Stewart elated over Tourism Workers' Pension Scheme

Stewart elated over Tourism Workers' Pension Scheme

'No employee should have to scrounge around for a living after retirement,' says hotel mogul

BY DESMOND ALLEN
Executive editor – special assignment
allend@jamaicaobserver.com

Friday, February 14, 2020

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No one is happier than Gordon “Butch” Stewart to hear news that registration for the long-awaited Tourism Workers' Pension Scheme is now on the immediate horizon.

The Appliance Traders Ltd/Sandals Group chairman and founder has been one of the biggest supporters and cheerleaders of the scheme from the time it was first proposed several years ago.

He applauded the recent announcement By Tourism Minister Edmund Bartlett that registration is to begin any time now, involving an initial 350,000 tourism workers, and rising to a potential 500,000 workers by 2030/2035.

Although his own Sandals hotel employees are covered under the ATL Pension Scheme, Stewart had agonised over the fact that near 80 per cent of tourism workers had not been covered under any pension scheme, sending them into uncertain retirement.

“I am very pleased that the scheme became a reality on January 31, 2020 and I congratulate all the players who worked hard to see this through. It will be another game-changer in the tourism sector for a group of most deserving workers,” said Stewart.

“This will constitute the best thing to have been done for the workers who have given their best years to an industry which has kept Jamaica afloat in the toughest of economic times, as the country's single largest foreign exchange earner,” argued Stewart, who is also chairman of the Jamaica Observer.

Despite his plethora of trophies and accolades over 52 years of entrepreneurial and philanthropic achievements, Stewart has never hesitated to declare that the thing he is proudest of is the Appliance Traders Limited Pension Scheme.

Over the past five years, the ATL pension fund has trebled in size to $30.5 billion, the bulk of that increase attributable to investment returns. On a compounded basis, over the same period, net return after expenses was 22 per cent per year.

Executive chairman of the ATL Pension Fund and chairman of the fund's Investment Committee Keith Collister said the net return was way above inflation over the period, with 2019 recording its best investment performance a net return of over 30 per cent.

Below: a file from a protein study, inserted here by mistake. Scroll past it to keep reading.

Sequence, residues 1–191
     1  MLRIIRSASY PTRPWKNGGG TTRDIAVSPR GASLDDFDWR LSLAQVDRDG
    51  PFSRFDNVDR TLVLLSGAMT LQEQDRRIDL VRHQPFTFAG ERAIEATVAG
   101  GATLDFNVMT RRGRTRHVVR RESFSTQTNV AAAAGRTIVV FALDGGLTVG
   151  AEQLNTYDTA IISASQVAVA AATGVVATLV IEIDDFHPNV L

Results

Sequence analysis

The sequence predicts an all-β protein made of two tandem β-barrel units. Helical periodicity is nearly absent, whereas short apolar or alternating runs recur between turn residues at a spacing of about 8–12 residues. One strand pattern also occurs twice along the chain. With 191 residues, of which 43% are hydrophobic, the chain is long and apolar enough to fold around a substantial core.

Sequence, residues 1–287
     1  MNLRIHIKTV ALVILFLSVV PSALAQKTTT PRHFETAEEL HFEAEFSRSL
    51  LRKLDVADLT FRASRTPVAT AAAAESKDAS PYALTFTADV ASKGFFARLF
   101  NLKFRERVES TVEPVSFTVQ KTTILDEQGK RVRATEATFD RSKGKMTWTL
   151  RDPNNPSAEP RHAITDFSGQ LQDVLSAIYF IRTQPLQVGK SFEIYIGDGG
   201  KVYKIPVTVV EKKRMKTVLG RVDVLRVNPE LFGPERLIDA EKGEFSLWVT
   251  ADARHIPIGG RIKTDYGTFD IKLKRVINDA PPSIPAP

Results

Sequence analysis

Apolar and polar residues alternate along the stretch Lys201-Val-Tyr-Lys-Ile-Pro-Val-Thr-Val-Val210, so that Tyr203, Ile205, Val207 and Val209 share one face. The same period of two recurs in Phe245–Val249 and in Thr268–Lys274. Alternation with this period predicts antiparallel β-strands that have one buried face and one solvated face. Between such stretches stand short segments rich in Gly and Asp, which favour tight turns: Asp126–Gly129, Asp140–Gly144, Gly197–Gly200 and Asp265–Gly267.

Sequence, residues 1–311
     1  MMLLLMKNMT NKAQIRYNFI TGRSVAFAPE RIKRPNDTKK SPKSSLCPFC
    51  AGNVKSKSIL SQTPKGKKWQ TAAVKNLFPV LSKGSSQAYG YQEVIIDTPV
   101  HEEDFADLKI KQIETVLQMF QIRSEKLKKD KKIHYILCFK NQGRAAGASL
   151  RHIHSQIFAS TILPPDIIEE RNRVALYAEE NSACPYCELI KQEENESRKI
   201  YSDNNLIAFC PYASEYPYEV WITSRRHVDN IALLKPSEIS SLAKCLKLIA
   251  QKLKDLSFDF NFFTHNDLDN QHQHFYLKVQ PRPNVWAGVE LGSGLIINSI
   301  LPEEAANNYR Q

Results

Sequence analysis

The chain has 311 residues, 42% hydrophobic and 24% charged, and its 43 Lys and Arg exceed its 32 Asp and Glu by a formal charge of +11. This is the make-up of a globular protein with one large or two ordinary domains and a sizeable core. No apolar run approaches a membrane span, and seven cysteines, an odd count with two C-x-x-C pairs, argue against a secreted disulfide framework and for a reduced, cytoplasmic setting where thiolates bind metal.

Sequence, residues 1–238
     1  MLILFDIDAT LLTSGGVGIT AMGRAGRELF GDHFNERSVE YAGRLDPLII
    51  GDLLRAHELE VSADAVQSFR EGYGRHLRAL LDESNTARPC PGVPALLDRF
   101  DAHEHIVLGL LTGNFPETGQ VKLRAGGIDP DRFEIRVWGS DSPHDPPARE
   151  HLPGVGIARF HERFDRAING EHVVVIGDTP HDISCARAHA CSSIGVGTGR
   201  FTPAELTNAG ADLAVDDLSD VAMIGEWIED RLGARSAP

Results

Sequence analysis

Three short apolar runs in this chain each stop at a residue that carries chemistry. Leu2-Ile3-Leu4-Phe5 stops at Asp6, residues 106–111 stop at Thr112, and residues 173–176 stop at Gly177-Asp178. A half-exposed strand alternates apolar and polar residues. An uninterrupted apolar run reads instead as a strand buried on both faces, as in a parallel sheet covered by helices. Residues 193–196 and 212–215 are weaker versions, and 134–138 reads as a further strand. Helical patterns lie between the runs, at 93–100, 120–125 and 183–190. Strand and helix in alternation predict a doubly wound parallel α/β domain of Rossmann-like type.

“We have also made a conscious decision to keep our costs well below those of the industry, for the benefit of our over 4,500 members,” said Collister. “Since 2014, our returns have been driven by our decision to diversify out of government debt, through investments in many leading stock exchange listed companies.

“We have also done both direct and indirect investments in real estate, private equity and corporate debt. The indirect investments have been through investment funds of various types, where we have often been a catalytic investor,” he disclosed.

The ATL Group rose from a tiny office near Cross Roads, Kingston, to spawn several iconic brands — Sandals Resorts International, the Jamaica Observer and ATL Automotive among them together constituting one of the biggest employers of labour.

Stewart said he had always had a very personal commitment to the pension scheme, adding: “It's one of my most proud and personal achievements, because it is for the benefit of the thousands of people who have participated in the creation, growth and development of this hugely successful business.”

The 37-year-old pension scheme might have been stillborn but for the stubbornness of Stewart, who was determined to have his way. First, he tried to get a scheme going in 1976, but the company, not yet the conglomerate of today, lacked the administrative capacity to sustain a stable fund.

When he tried again seven years later, in 1983, the naysayers told him it was bigger than him and he should just get an insurance company to handle that for him. They forgot they were dealing with Gordon “Butch” Stewart.

“I'm glad I never listened to those people who were telling me that we could not sustain a proper pension scheme. My firm conviction from then was that no one who works for the company and retires should have to scrounge around for a living,” he said.

Stewart kept a keen eye on the progress of the fund, watching it grow to become the largest private pension scheme in Jamaica, “now not only providing for the security of the future, but affording a pension for all employees of the ATL Group”.

Every three years, the fund's surplus is divided among the members to ensure growing value. It has also become a major contributor to financing business in Jamaica, as its banking side grows increasingly potent.

After seeing off the pension fund to a great start, Stewart also launched a health scheme for employees in what he regarded as a companion plan to ensure his staff could afford health care.

“We will continue to do everything we can to ensure that the ATL Pension Scheme and Health Fund remain strong and continue to provide increasing benefits to our valued staff and retirees. That is my unwavering commitment,” Stewart pledged.


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